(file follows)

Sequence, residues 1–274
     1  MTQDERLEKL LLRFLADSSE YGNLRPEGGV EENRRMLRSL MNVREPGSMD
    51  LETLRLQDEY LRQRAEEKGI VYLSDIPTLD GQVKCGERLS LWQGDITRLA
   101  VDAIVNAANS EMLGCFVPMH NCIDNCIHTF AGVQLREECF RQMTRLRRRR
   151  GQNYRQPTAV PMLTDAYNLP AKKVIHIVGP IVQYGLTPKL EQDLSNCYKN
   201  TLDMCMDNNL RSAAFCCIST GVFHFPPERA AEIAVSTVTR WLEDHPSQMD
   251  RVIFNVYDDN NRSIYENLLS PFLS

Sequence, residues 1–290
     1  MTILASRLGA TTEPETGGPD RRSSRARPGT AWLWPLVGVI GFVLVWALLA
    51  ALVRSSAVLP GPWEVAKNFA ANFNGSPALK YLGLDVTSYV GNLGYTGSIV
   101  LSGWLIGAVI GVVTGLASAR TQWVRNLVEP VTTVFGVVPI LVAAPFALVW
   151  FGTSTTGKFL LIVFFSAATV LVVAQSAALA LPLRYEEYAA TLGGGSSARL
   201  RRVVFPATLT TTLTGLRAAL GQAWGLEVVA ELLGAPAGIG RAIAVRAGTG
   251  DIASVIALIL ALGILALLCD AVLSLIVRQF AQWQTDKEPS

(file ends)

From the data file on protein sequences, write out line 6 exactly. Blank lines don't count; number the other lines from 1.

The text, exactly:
   201  TLDMCMDNNL RSAAFCCIST GVFHFPPERA AEIAVSTVTR WLEDHPSQMD